Tuesday, 1 January 2019

Every AA Ought to Know - For 2019

From: "The Three Legacies of Alcoholics Anonymous"

Dr. Bob was essentially a far more humble person than I.

 In some ways he was a sort of spiritual natural, and this anonymity business came rather easily to him.

He could not understand why some people should want so much publicity.

In the years before he died, his personal example respecting anonymity did much to help me keep my own lid on.

 I think of one affecting instance in particular, one that every AA ought to know.

When it was sure that Dr. Bob was mortally afflicted, some of his friends suggested that there should be a suitable monument or mausoleum erected in honor of him and his wife Anne - something befitting a founder and his lady.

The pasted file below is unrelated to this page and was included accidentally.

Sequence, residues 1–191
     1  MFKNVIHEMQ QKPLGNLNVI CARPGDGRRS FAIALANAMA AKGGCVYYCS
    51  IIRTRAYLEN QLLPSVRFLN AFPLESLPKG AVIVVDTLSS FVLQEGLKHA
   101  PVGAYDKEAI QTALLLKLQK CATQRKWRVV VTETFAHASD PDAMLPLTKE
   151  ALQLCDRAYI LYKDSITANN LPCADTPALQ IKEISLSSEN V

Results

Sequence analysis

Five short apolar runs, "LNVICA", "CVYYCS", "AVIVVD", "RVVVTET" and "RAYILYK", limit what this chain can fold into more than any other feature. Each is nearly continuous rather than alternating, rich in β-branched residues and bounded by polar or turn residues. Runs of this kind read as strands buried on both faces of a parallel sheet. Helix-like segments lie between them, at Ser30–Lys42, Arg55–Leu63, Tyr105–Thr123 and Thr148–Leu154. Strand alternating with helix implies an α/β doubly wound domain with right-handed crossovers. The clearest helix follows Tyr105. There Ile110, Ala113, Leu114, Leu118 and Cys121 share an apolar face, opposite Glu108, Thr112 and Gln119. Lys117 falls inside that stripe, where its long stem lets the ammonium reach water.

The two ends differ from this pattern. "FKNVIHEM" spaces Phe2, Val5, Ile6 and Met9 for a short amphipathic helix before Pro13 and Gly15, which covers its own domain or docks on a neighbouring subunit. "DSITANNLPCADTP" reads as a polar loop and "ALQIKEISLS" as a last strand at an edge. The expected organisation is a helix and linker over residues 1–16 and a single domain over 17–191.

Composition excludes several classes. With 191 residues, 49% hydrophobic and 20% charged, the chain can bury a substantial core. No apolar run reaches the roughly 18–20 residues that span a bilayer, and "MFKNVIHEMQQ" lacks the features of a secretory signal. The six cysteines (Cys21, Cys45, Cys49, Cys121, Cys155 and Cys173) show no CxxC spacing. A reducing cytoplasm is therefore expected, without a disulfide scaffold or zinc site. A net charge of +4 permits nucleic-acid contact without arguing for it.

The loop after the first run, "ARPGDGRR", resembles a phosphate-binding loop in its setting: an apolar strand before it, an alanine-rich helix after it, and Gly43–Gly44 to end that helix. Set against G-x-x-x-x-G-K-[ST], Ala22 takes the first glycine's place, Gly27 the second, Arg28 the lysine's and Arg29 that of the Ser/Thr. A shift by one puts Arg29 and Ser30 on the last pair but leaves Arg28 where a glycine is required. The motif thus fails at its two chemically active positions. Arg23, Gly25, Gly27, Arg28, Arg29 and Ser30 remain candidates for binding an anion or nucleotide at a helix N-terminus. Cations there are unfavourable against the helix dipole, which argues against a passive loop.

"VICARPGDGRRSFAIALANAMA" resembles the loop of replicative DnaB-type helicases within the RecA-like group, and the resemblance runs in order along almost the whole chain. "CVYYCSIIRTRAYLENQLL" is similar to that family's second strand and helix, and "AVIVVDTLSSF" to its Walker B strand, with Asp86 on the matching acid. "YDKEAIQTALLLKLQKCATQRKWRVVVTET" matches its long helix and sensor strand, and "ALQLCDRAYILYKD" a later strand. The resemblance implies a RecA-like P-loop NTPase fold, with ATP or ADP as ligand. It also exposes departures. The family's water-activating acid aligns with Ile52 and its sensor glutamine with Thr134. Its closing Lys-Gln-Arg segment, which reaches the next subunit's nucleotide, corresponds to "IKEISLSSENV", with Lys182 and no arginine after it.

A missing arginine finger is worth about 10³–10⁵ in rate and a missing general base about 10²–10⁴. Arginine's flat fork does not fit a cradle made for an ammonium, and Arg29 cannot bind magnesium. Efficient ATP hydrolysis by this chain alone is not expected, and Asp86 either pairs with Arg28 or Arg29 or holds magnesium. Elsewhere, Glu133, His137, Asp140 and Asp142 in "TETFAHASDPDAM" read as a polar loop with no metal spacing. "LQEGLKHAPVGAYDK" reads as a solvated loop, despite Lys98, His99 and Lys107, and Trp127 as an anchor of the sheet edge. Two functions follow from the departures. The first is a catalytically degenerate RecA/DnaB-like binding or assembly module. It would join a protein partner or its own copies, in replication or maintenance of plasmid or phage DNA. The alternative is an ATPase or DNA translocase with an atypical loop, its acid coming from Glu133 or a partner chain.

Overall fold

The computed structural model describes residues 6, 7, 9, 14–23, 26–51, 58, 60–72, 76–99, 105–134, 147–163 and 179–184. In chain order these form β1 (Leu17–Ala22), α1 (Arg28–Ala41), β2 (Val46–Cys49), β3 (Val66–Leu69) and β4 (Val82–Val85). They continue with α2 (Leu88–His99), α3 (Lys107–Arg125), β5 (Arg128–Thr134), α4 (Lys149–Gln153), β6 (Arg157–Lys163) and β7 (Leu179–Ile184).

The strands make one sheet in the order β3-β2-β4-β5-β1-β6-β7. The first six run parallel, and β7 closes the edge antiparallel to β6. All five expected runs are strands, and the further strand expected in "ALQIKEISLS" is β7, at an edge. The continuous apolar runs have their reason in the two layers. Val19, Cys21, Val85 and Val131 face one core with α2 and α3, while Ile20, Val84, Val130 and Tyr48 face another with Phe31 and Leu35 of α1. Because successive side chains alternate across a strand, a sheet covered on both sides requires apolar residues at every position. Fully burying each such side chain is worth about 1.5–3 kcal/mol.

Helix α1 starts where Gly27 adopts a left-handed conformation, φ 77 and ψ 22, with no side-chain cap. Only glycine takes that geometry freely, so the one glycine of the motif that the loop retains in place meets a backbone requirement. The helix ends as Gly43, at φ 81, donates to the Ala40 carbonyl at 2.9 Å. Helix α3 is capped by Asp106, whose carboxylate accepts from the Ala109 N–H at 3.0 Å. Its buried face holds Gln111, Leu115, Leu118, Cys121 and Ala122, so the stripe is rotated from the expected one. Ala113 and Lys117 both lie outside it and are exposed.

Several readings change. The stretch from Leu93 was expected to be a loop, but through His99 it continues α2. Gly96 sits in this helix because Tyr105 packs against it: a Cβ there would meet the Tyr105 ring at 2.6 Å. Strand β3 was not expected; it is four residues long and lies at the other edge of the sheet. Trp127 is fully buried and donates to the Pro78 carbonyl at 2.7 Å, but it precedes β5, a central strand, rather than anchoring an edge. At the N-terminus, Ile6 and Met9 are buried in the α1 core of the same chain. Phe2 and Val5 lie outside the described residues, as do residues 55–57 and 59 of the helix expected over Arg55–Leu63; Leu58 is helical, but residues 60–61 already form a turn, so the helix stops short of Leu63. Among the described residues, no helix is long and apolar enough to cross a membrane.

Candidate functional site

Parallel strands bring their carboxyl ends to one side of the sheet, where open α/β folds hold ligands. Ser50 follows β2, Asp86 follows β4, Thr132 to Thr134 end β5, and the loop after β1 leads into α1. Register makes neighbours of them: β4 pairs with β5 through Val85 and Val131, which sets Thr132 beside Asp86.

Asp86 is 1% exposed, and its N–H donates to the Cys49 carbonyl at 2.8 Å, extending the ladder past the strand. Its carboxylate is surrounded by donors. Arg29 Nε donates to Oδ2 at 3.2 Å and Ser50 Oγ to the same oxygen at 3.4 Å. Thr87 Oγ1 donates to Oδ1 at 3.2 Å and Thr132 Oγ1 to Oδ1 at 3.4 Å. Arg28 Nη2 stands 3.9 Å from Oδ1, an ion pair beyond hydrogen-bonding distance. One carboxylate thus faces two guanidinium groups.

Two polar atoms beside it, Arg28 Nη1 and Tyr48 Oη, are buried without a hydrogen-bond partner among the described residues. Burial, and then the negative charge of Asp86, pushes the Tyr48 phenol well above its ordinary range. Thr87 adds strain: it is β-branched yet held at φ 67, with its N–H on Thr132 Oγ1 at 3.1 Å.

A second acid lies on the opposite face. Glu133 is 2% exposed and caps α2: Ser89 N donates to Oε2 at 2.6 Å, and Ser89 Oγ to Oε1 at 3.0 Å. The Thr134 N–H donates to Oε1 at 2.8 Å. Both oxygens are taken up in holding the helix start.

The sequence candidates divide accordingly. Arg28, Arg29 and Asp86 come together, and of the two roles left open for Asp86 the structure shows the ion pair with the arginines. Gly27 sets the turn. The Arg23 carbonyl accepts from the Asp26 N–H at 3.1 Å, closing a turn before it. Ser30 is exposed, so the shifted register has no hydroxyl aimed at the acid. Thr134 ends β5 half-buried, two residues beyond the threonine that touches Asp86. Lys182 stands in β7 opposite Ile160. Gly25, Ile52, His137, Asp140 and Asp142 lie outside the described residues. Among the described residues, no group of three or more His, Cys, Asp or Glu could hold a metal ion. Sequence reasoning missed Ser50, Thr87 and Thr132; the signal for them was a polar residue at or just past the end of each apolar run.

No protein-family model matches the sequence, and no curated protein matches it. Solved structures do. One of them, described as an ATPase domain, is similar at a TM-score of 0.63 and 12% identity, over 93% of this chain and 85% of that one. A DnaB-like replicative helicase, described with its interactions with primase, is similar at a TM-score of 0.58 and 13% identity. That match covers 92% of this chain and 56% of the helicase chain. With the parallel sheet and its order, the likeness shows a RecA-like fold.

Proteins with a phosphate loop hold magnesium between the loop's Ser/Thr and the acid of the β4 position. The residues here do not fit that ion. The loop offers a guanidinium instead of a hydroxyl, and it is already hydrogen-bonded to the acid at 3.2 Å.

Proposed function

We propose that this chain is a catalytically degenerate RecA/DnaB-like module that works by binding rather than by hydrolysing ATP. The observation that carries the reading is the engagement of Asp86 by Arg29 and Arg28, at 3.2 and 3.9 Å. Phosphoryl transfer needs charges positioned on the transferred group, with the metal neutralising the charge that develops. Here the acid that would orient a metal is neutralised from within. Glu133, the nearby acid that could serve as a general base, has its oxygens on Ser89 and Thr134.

Of course this was a very natural and moving tribute. The committee went so far as to show him a sketch of the proposed edifice.

Telling me about this, Dr. Bob grinned broadly and said, God bless them.

They mean well.

But for heaven's sake, Bill, let's you and I get buried just like other folks.

A year after his passing, I visited the Akron cemetery where Dr. Bob and Anne lie.

The simple stone says not a word about Alcoholics Anonymous.

 Some people may think that this wonderful couple carried personal anonymity too far when they so firmly refused to use the words "Alcoholics Anonymous" even on their own burial stone.

 For one, I do not think so.

I think that this moving and final example of self-effacement will prove of more permanent worth to AA than any amount of public attention or any great monument.

Alcoholics Anonymous Comes of Age, pages 136-137 
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